TOGAF – general patterns and principles – architectural design processes


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This is the second of four related papers at


Preface. 1

Patterns in TOGAF’s architectural specification. 2

The general process for formalisation or digitisation of capabilities. 3

The general process for rationalisation of a messy system estate. 3

The general process for designing and changing a business capability in a cycle of ADM... 3

What about data / information architecture?. 4



TOGAF and ArchiMate presume the design of a capability, function or system runs:

·         from abstract to concrete - logical specification before physical implementation

·         from external to internal – required services/products before internal processes and roles/actors/components

·         from behaviour to structure – sequences and process sequences before roles/actors/components.


And for enterprise architecture, they add another sequence: from business to technology - human actors before computer actors.

There can be reasons to deviate from these sequences in practice.

But methods for governing design and implementation against a specification usually start with these presumptions (which reflect General System Theory principles).

This paper introduces patterns TOGAF applies to specification documentation and to design processes.

Patterns in TOGAF’s architectural specification

EA is about business capabilities, about human and computer activity systems in which actors/components have the ability to achieve desired effects by playing roles in processes.

A required capability can be specified as group of required services (accessible via interfaces) to be delivered by actors/components able to perform the necessary processes.


Specification by encapsulation of capabilities, systems or components is a fundamental principle, predating SOA and OO design.
Service-oriented specification has been a principle of The Open Group since it was formed, and underpins TOGAF.

The table below applies a general pattern to architectural entities in the TOGAF meta model.

Passive Structure

External Behaviour

Internal Behaviour

Logical Active Structure

Physical Active Structure





Logical Component

Physical Component


Event, Product

Business Service



Organisation Unit



Information System

Data Entity

Information Service


Logical App Component

Physical App Component



Platform Service


Logical Tech Component

Physical Tech Component


You can specify a Logical Component by naming it and specifying its Interface, which means listing the discrete Services it offers in its “service portfolio”.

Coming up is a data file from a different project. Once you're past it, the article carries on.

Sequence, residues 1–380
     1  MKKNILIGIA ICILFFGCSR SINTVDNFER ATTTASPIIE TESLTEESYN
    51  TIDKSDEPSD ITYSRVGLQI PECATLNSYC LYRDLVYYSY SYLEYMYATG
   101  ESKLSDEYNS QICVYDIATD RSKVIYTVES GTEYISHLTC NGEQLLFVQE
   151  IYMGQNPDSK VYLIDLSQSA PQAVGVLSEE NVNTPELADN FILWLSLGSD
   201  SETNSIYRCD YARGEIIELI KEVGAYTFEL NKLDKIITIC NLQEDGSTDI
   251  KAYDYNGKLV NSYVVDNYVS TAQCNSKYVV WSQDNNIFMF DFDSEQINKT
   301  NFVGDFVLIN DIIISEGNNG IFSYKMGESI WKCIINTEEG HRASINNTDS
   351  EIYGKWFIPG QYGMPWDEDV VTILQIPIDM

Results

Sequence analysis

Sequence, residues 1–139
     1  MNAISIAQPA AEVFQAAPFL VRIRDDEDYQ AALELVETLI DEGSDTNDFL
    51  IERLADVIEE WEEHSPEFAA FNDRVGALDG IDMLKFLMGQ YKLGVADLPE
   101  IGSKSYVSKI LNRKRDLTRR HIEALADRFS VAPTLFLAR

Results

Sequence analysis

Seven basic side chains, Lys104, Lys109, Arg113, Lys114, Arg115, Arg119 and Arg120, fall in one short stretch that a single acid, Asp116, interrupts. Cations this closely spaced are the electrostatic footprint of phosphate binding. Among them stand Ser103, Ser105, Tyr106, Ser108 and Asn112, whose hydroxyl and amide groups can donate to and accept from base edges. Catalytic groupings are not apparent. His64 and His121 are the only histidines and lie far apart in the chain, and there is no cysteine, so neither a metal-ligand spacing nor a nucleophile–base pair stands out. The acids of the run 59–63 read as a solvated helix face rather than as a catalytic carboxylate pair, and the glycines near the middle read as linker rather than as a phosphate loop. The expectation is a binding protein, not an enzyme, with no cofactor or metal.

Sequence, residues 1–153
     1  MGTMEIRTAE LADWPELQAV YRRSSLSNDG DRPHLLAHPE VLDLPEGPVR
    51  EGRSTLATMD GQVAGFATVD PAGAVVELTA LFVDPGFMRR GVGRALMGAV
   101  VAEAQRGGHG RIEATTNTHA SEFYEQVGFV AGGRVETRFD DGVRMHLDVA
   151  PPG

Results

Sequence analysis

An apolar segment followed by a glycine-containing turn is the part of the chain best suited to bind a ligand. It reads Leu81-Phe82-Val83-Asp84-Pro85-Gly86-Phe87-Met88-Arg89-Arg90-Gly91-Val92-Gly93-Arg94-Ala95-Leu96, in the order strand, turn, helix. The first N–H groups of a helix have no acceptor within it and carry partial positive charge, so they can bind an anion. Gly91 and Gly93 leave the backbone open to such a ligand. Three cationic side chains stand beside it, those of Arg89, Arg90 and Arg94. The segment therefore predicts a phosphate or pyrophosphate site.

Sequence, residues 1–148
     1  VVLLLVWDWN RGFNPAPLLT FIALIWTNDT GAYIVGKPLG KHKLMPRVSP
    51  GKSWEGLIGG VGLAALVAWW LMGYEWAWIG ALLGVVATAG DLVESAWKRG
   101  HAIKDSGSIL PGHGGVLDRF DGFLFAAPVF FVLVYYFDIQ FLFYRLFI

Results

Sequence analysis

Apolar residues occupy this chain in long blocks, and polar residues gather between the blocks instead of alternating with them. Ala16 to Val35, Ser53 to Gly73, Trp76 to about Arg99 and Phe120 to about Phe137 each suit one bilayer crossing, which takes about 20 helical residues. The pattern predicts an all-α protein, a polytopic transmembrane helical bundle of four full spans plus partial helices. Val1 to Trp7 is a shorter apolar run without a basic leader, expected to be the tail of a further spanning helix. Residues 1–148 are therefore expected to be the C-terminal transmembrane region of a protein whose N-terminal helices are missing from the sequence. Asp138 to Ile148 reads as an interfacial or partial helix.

·         A "Logical Technology Component" is specified by the "Platform Services" it offers.

·         A "Logical Application Component" is specified by the "Information System Services" it offers.

·         A business “Function” or “Role” can be specified by the "Business Services" it offers.


Read TOGAF – business capabilities and functions for more detail about relationships in the business architecture meta model.


Many people don’t seem to realise that TOGAF defines Services in the architecture requirements specification outside and before defining Processes and Components in the architecture definition document.

This reflects the natural design sequences mentioned in the preface above.

The design processes used in TOGAF are generalised below.

The general process for formalisation or digitisation of capabilities

This process can be generalised as:


Design the target

1.      Define required Services

2.      If need be, design Processes to deliver the required Services.

3.      Assign required Services and/or Process steps to logical Interfaces, Functions or Roles.

4.      Change, hire, buy or build physical Actors/Components to realise logical Interfaces and perform process steps.

The general process for rationalisation of a messy system estate

This process can be generalised as:


Analyse the baseline

1.      Catalogue baseline Actors/Components (org. units, functions, roles or actors).

2.      Abstract the discrete Services provided by those baseline Actors/Components.

3.      De-duplicate baseline-provided Services 


Design the target

5.      Define required Services

6.      If need be, design Processes to deliver the required Services.

7.      Assign required Services and/or Process steps to logical Interfaces, Functions or Roles.

8.      Change, hire, buy or build physical Actors/Components to realise logical Interfaces and perform process steps.

The general process for designing and changing a business capability in a cycle of ADM